WRC 10, the latest installment of the series, was conceived as the first in a trilogy of games from developer M2, with all three titles taking place in the same FIA World Rally Championship. At first glance, WRC 10 doesn’t look like very different game to last year’s entry, which is a good thing. While the game looks good in motion, it’s not so interesting when you take a look at the menus and options screens. I’m not sure why, but the title’s fast-paced racing action doesn’t translate to the menus, which feature a very slow pace in comparison. I also don’t like how the game makes me play through a tutorial mode before I can start a race.

Rally fans will be excited to hear that the much-anticipated WRC 10 is looking like a true contender – at least in terms of game performance. We’ve been playing the game for a while and can confirm that the game is as fast and as fluid as we expected. Even though there’s no official numbers yet, the game looks to be somewhere between WRC7 and WRC8. The handling models have been reworked and the various types of vehicles, including the pre-stage cars, are now clearly defined. Driving through the forest stages, the cars feel good and can turn on a hairpin without feeling too hard or unforgiving. On the other hand, the game is also very forgiving, which means it’s fairly easy to spin

I was skeptical when I first heard the news of Codemasters’ upcoming entry into the sim-racing arena, given that it’s a yearly release and we’re all quite familiar with the routine of a new game arriving every year. But the release of WRC 10 has me hooked. I’ve been playing with the beta version on and off since the February release, and I’ve become a firm believer in the series.

Nacon and KT Racing’s World Rally Championship (WRC) franchise may not get the same attention as other racing games like F1 and Forza Motorsport, but maybe it should. WRC 9 came out last year, and while the game had some flaws, it did a lot of good in terms of realism and spectacle. What does the WRC development team expect this year? I got the chance to play an early version of the next entry in the series, WRC 10, and if this demo is any indication of what’s to come, it looks like the future is looking very bright for FIA World Rally Championship fans.

During our test of WRC 9 last year, I noted that the physics engine in WRC 9 was pretty well designed. Of course, there were no races, as players spent most of their time on bumpy, gravel-filled tracks. But the cars behaved as you’d expect if you were really trying to recreate the World Rally Championship (which we don’t recommend, by the way) – fast, but not unrealistically fast.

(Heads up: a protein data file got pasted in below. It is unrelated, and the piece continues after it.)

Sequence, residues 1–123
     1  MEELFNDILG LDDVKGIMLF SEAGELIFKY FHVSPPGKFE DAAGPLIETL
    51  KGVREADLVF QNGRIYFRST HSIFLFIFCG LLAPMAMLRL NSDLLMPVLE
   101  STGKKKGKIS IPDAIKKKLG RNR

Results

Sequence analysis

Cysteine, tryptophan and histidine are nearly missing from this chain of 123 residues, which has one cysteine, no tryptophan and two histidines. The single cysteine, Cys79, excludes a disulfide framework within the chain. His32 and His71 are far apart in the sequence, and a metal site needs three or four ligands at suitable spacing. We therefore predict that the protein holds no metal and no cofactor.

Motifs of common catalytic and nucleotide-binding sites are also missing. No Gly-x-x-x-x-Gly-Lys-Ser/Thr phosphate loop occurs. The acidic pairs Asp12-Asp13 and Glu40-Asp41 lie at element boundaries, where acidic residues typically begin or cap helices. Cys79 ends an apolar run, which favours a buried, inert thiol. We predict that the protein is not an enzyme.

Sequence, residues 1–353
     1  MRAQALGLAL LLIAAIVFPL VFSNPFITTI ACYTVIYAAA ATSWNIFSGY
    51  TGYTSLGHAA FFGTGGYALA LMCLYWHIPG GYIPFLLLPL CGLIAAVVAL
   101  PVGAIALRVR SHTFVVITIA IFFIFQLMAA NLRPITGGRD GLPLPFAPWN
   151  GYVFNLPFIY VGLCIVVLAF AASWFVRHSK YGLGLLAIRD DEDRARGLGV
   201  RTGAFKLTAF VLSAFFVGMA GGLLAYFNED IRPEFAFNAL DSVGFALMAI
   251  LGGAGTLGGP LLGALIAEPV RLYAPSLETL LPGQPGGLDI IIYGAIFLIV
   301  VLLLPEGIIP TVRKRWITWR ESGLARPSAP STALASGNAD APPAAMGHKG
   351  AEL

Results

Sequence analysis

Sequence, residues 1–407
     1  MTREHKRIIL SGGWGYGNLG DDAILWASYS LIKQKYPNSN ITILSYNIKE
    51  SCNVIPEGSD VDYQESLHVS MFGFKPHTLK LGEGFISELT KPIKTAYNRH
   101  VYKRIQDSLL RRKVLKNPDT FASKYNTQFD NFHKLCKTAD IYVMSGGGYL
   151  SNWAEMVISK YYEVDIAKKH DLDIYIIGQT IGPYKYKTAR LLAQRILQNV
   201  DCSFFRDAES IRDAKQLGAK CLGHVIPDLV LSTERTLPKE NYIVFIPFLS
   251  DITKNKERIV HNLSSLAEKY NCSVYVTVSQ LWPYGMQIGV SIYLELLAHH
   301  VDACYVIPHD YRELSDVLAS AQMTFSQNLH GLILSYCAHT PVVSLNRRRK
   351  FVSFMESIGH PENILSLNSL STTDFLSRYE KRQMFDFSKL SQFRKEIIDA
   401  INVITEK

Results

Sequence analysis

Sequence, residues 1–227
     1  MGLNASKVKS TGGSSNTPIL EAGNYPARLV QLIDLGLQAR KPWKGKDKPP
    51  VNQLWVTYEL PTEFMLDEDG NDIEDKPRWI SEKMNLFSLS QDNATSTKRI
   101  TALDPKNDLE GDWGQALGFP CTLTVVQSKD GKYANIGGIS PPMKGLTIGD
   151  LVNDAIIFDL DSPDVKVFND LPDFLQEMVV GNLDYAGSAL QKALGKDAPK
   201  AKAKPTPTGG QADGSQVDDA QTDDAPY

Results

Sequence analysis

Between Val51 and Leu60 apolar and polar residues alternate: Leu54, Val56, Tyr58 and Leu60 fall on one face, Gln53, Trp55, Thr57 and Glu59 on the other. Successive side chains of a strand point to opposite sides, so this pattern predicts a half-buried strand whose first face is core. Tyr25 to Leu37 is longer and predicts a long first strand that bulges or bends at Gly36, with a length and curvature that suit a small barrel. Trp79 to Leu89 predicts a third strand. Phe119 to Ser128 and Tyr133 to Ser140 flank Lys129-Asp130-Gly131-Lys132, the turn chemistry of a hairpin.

This is still the case in WRC 10, as the physics engine and car behavior are very similar to WRC 9 and retain the realism of last year’s game. WRC players still need to show quick reflexes and be able to properly manage track conditions and vehicle weight to cross the finish line. So don’t expect to get through the tree and back on the road.

Don’t expect the corners to be easy either. I found the turning mechanics a bit bumpy in this version, but since I was using an Xbox controller for this demo, I expected some difficulties in that regard. Nevertheless, it’s something to keep an eye on in September. And that’s no surprise, especially since the WRC development team said at a press event in early June that they were very happy with the feedback on last year’s game.

Screenshot from Nacon

WRC 10 will also be the first time the franchise will release a next-gen version on launch day. WRC 10 will be available for the PlayStation 5 and Xbox Series X, and while we weren’t able to try the game out on either console, we’ve been generally impressed with the game’s graphics this year. The new game seems to have an updated rendition of the natural landscape. Nothing special here, but it looks like KT Racing is using the new generation of hardware.

So far, the development team and Nacon are doing well. Of course, we didn’t get to see the whole game during our short stay. We didn’t get to test most of the tracks in the game, as only three were available in the demo. We also didn’t get a chance to try out the career mode or the Daily Moments feature that the WRC development team told us about earlier this month.

Nevertheless, the demonstration configuration produced promising results. Aside from a few FPS issues and minor gameplay problems with corners, WRC 10 has left a lasting impression on me. Of course, time will tell if this year’s game will be a true next-gen update. But if it is successful, it will have a chance to compete with the big racing games, and in my opinion, the more competition, the better.When I first saw the announcement for this game, I thought it was going to be a disaster. I mean the game has been in a constant state of development and I thought it would just come out and be a mess. But it turned out to be amazing! I was able to play a few of the tracks and I was hooked from the beginning. I will be playing this game when it releases on May 7th.. Read more about wrc steam and let us know what you think.

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